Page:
As I sat in my local co-working space, shoulder-deep in a design problem on my MacBook Air, I could hear him. He was on the phone, offering screen-by-screen design recommendations to his client for the project they were working on. When this acquaintance of mine arrived at the subject of a particularly hairy task flow, he said, “Well, these aren’t going to be very savvy users, so we should probably put some instructions there.” He followed this by rattling off some dry, slightly too formal line intended to clear up any confusion about the page.
It was an act that reflected his apparent belief that some savvier type of user is out there who would immediately understand the screen and could live without the instructive text. I cringed. I’ve heard the same suggestion on far too many phone calls, and it’s been wrong every time. To shed light on my reaction to it and to illustrate why such a suggestion is problematic, let’s consider a quick tale of two users.
Microsoft’s new mobile operating system, Windows Phone 7 (WP7), introduces a fresh approach to content organization and a different UX, based on the Metro design language and principles that will be incorporated into Windows 8. It also targets a different market than its predecessor: instead of being designed mainly for business and technology workers, WP7 is targeted at active people with a busy life, both offline and online, and who use social networks every day, whatever their background.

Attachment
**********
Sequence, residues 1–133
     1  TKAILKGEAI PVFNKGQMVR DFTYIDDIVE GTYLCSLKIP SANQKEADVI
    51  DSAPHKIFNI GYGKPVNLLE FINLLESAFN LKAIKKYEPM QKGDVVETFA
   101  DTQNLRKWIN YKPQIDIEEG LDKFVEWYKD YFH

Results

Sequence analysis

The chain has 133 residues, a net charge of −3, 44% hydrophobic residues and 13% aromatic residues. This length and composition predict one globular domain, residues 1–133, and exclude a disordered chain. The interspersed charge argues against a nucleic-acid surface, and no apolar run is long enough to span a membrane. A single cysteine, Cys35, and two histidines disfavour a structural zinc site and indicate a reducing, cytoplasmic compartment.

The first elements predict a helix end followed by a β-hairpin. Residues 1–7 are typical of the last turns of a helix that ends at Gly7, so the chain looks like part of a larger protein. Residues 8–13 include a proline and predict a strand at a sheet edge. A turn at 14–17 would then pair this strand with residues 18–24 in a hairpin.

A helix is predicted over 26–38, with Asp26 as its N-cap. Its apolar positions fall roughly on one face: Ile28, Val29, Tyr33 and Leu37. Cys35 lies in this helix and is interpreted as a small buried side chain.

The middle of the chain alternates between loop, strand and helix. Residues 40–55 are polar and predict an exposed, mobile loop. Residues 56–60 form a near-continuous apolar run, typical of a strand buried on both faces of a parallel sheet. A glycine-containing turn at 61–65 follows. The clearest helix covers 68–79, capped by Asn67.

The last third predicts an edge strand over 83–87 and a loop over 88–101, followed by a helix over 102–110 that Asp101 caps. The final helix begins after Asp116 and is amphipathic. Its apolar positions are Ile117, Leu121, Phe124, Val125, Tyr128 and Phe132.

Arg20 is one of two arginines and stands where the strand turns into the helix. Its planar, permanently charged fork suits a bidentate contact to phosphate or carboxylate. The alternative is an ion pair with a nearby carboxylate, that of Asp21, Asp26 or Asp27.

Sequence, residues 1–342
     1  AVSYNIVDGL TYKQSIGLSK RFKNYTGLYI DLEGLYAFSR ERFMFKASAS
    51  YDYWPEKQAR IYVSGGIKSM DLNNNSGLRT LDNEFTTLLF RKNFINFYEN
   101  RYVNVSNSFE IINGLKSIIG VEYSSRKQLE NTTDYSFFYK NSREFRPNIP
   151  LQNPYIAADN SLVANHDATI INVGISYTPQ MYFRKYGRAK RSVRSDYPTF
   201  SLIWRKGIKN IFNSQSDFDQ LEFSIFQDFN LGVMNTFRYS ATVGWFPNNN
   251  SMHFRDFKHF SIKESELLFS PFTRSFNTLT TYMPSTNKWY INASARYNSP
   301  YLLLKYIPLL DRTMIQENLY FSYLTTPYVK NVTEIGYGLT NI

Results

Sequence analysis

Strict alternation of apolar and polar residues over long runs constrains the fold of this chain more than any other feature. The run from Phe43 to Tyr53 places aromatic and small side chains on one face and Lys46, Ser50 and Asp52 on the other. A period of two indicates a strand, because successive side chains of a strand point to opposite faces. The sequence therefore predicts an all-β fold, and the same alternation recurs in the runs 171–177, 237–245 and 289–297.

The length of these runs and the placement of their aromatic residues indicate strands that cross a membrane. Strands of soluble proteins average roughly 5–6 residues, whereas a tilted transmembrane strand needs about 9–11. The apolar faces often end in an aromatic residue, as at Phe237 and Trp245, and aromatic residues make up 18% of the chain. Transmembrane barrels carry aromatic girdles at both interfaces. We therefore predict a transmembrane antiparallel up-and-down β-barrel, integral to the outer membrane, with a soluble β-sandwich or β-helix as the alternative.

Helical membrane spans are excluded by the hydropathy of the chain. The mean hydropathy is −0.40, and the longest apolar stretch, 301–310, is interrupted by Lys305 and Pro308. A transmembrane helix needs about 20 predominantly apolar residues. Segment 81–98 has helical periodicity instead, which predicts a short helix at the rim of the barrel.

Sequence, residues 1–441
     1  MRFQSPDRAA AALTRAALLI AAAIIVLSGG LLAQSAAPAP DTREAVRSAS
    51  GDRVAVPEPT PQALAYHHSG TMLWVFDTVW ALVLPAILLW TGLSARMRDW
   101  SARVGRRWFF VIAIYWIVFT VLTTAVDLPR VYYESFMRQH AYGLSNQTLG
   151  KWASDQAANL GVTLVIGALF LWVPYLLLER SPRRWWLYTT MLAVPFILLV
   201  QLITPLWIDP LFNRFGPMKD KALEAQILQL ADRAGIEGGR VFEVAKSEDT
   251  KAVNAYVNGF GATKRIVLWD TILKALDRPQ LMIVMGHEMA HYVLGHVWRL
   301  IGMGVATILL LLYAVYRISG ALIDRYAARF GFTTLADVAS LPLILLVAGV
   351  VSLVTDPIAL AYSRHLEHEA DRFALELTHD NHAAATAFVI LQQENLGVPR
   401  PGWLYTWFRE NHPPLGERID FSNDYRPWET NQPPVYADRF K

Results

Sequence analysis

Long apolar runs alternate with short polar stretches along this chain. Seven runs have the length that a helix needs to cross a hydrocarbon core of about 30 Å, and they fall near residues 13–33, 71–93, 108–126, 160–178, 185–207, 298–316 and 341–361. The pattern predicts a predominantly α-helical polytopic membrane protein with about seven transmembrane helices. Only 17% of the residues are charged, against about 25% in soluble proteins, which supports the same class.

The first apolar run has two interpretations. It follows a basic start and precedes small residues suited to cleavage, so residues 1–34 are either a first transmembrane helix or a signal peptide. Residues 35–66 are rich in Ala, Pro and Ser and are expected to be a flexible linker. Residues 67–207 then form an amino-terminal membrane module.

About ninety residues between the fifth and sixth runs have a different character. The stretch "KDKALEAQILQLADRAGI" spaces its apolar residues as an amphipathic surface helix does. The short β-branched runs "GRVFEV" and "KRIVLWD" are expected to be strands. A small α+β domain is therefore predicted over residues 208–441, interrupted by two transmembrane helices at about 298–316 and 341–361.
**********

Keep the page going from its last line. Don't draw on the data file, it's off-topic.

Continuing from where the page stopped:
First, it’s a new interface, so you have space to create and develop some new ideas for it. We are still at the beginning of its growing curve, so it’s an interesting challenge. When I saw a WP7 presentation for the first time, I thought, “I want to design something for this.” Exploring is a great way to learn how to build a new exciting experience for users.